The world of macro photography has been an interest for me ever since I got my first camera. That camera was a little Casio point and shoot that was maybe 2 or 3 megapixels. I was out shooting that first day with it and noticed on the mode dial a little flower icon and thought I’d set it to that and go shoot some flowers. I was several feet back from some Clematis (yes, I remember the exact flower) and the camera would not focus. After some trial and error I realized I needed to be closer to get focus…a LOT closer.
To marry that Nikon lens to my 5D Mark II, I used this Nikon G lens to Canon adapter. I added a lens hood I own to the setup to avoid some glare I was getting off an overhead light and this is what it looked like…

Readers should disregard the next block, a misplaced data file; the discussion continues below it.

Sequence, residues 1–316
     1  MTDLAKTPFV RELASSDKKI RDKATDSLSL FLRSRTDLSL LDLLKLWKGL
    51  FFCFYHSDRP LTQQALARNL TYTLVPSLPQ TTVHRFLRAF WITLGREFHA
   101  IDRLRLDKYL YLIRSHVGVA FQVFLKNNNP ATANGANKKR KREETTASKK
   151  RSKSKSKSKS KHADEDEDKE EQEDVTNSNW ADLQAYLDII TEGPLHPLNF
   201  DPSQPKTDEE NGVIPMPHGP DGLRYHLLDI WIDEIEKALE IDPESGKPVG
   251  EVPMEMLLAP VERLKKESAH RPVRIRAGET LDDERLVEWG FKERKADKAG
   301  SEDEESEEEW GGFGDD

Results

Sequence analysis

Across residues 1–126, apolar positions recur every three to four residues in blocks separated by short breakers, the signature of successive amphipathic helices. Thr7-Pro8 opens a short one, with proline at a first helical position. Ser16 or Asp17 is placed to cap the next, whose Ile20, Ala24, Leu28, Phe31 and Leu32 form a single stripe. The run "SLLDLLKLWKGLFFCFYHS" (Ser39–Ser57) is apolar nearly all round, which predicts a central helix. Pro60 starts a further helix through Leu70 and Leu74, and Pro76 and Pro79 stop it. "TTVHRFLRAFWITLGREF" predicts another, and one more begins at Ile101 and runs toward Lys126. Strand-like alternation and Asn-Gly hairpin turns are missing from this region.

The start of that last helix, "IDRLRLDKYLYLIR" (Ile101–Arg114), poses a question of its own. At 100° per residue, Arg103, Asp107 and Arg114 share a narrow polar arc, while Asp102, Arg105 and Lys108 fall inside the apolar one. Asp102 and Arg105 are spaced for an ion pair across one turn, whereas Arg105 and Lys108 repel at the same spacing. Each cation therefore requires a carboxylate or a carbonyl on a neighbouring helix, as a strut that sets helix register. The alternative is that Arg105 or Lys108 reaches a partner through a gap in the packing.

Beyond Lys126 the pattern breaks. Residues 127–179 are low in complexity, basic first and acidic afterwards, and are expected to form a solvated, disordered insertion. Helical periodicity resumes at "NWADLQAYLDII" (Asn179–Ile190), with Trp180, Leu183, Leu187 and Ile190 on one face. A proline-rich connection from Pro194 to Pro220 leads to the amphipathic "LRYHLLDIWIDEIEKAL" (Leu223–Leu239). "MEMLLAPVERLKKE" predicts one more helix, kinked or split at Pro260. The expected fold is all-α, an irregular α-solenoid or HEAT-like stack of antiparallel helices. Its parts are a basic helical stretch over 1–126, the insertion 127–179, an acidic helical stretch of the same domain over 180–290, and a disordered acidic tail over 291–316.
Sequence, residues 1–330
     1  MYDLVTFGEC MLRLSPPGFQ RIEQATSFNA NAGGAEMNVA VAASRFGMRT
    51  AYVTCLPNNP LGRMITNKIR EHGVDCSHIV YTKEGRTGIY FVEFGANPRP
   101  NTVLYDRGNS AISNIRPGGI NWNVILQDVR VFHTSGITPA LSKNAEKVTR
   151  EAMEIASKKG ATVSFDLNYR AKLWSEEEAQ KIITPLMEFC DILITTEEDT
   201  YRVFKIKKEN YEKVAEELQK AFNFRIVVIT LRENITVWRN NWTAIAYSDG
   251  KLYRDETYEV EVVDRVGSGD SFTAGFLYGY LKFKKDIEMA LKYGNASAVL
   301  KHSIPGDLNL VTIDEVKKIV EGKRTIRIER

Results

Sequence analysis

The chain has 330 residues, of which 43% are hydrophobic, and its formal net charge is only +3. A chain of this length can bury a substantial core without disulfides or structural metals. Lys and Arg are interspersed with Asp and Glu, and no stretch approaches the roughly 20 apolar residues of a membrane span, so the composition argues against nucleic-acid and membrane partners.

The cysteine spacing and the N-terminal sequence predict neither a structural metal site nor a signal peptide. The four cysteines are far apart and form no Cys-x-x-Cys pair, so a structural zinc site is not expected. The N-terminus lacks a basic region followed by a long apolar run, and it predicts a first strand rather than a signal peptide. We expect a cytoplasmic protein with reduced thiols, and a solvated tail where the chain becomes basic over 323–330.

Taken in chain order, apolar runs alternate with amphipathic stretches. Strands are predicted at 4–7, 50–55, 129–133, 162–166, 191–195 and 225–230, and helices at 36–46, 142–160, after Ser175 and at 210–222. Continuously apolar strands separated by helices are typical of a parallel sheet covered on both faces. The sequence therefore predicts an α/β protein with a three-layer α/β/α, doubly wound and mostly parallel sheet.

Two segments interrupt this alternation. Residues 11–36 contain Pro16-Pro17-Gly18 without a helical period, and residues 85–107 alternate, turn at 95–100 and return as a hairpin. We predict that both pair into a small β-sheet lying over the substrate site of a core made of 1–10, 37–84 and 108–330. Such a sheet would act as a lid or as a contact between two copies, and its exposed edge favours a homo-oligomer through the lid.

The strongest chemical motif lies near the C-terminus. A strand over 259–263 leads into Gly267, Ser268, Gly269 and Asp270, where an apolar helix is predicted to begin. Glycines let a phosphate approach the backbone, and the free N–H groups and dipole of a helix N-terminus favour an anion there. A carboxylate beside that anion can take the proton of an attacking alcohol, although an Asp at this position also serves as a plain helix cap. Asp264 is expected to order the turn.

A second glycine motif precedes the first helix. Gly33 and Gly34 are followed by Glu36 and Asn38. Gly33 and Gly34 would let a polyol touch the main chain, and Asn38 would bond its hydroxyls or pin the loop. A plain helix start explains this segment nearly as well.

The Panasonic GH4 is an amazing little camera. One thing that stood out to me in all the signal and noise out there was that this camera isn’t a great performer at high ISO. My initial quick tests bore that out. But I wanted to know if I could shoot at night, in a place like San Francisco’s Fisherman’s Wharf, and still walk away with usable footage?
Contentious topics related to sensor size include resolution, high-ISO performance, and dynamic range but the quality and characteristic of bokeh, or out of focus backgrounds, is perhaps the most fiercely debated. Learn more about the topic!
Mirrorless cameras and the Micro Four Thirds (MFT) system are gaining in popularity. From Panasonic’s GH3 to the Blackmagic, more and more cameras are coming out in MFT mount. Olympus originally pioneered the Four Thirds system and, along with Panasonic, announced a new Micro Four Thirds standard in 2008. This new system increased in quality while decreasing in bulk.